This page was exported from Orangeville Citizen
Export date: Sat Mar 17 21:59:55 2018 / +0000 GMT
By Tabitha Wells
By Tabitha Wells
Growing up in Orangeville, I never believed it was a place I would call home as an adult. It was charming, comforting, and carried about it a sense of safety and adoration I knew would always resonate within my soul, but at times I felt it was too small.
There was a part of me that envied those more cultured. Orangeville was, and still in many ways is, quite white-washed and conservative. Though storefronts, buildings, and landscapes changed, much of the general ways of thinking didn't. It was too small and too ‘boxed' to ever appeal to someone so far away from ‘normal' like myself. If I'm being so honest, leaving wasn't as much about simply not fitting in as it was not wanting to fit in.
I was a reader and a dreamer, someone who wanted to experience the things the world had to offer, rather than remaining sheltered in a bubble.
When I first moved back home in 2008, I believed it was a death sentence. I left Orangeville a church-raised, hard-line Christian conservative, wide-eyed and wanting to understand the world, believing what I would learn would both expand my horizons, all the while strengthening my roots.
But my return saw me a little less sure of that person and more terrified that moving back would mean the questioning and growth would cease. I wasn't a crazy liberal, but I wasn't a conservative anymore. I was beginning to question much of what I had believed about Christianity and life. Instead of welcoming not fitting in, as if it were a badge to encourage my leaving, I began to fear it.
In those nine years I have been home, parts of our humble community have changed. Where before we had little to offer in the ways of culturally influenced cuisine, we now have a number of restaurants offering styles of food one could find in the city.
The church I attend, which at one point was almost entirely white (and predominantly Newfie for a period) is growing into a diverse congregation. Many nationalities, backgrounds, and faiths are represented around Orangeville.
Our culture is growing, changing, and dare I say it, becoming more liberal. But as it does, there also remains a frightening number of people so opposed to change that it makes my heart hurt as much as it makes me fearful.
Social Media has brought to light much of the attitudes that once remained behind closed doors and amidst like-minded friends. It has allowed a platform for the kind of rhetoric perpetuating the idea that anything other than white and conservative is wrong or bad.
On a recent Facebook post announcing the building of a worship centre outside of town, people made comments about how too many of ‘those people' are coming to the area and lamenting the loss of whiteness. One of the most Googled phrases regarding Orangeville comes up as ‘Is Orangeville Racist?' and one of the results takes you to a white supremacist forum where the growing multiculturalism of our community is talked about negatively.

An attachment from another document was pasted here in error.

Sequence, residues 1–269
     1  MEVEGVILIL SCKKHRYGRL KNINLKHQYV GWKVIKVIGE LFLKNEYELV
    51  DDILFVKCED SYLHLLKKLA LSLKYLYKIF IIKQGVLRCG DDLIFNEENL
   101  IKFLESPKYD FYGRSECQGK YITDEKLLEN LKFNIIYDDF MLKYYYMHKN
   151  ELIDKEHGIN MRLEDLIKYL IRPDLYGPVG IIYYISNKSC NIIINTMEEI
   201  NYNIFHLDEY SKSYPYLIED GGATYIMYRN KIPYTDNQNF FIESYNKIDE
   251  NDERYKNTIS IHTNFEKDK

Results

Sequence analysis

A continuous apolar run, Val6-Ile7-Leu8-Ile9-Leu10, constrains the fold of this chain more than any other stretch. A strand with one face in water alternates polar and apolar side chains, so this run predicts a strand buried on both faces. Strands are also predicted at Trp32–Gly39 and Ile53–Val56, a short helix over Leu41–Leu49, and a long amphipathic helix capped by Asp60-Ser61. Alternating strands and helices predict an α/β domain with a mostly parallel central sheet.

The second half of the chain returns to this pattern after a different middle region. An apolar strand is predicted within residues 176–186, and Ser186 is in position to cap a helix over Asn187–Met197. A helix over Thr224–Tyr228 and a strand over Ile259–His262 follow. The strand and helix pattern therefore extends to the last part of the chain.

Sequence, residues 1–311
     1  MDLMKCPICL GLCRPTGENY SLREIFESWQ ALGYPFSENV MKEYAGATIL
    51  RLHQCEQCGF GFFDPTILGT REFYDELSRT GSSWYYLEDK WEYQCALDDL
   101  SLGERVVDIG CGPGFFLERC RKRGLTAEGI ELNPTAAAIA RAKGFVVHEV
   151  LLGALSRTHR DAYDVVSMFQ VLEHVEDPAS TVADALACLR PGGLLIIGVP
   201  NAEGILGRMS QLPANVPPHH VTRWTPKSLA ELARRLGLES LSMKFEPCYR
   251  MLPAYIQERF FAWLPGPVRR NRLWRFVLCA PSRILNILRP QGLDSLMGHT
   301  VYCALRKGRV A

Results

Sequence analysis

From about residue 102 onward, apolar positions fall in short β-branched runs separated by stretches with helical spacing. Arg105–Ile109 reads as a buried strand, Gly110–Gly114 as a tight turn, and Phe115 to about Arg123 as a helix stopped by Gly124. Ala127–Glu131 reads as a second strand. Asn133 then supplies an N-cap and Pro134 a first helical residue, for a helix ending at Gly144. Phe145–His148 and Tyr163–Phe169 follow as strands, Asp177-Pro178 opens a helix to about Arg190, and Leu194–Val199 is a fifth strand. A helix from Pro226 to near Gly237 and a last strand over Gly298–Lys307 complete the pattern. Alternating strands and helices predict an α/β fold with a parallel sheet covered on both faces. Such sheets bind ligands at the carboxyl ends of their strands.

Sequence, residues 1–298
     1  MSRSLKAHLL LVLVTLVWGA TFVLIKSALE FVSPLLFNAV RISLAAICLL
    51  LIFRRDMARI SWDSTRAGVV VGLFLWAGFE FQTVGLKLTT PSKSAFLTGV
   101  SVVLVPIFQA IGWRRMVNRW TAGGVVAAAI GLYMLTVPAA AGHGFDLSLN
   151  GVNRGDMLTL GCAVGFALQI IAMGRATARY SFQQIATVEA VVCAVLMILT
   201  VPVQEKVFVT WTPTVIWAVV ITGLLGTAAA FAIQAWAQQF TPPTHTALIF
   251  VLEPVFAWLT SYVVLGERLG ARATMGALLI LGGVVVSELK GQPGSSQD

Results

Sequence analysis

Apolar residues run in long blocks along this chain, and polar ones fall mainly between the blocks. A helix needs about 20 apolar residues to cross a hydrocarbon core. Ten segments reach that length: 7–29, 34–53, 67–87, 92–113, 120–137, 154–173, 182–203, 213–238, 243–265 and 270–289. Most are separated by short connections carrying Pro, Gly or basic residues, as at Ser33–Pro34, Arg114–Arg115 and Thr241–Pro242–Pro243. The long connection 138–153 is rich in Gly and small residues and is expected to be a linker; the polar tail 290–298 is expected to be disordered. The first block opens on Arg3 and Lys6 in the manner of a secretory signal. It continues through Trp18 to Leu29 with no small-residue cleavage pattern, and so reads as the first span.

When The Citizen published an article about the first refugee family arriving in the community, over 20 people immediately wrote GET OUT, and other horrifying things on the post. People I had grown up with or had known for years participated in this. One suggesting we'd all be sorry when the young children of this family blew up our schools.
Minorities of all kinds have suffered locally over the years, not just for racial reasons, as some in our community see change as an affront to their entire being. I've known multiple people who had to leave because they knew, as trans-males/trans-females or any kind of LGBTQA+ they could not be who they were without facing extreme backlash.
But things are changing. The vocality of those opposed to change is proof of it, at least in my opinion. From what I have come to witness in most occasions, the loudest, angriest people in any situation tend to be in the minority. They have to comment about how terrible multiculturalism is on posts because it's the only way people pay attention to them. They have to shout racial slurs and derogatory comments to people who are different on the street, because somehow they feel it gives them power to stop the changes.
There's no doubt there is a lot of backwards thinking in this town, but there is also a lot of hope. Forward thinkers and people who desire to see Orangeville flourish and bloom into a community of culture and colour are working to create change and cultivate that kind of atmosphere – to be a welcoming, safe place, where expression, creativity, and different trains of thought are welcome and encouraged.
Where once I worried about not being able to be open to change publicly or discuss it, I now see a large part of our community encouraging it. Challenging people to step outside their own boxes, challenging me to step further outside of my own.
Our culture is changing. There's nothing that can be done to stop it. You're left with two options – lament the past and grow as a bitter person, or embrace the future and become part of a thriving, colourful community, where all kinds of people, beliefs, and thinking support, challenge, and help one another grow.
Post date: 2017-04-20 13:48:54
Post date GMT: 2017-04-20 17:48:54
Post modified date: 2017-04-27 11:44:55
Post modified date GMT: 2017-04-27 15:44:55
Powered by [ Universal Post Manager ] plugin. MS Word saving format developed by gVectors Team www.gVectors.com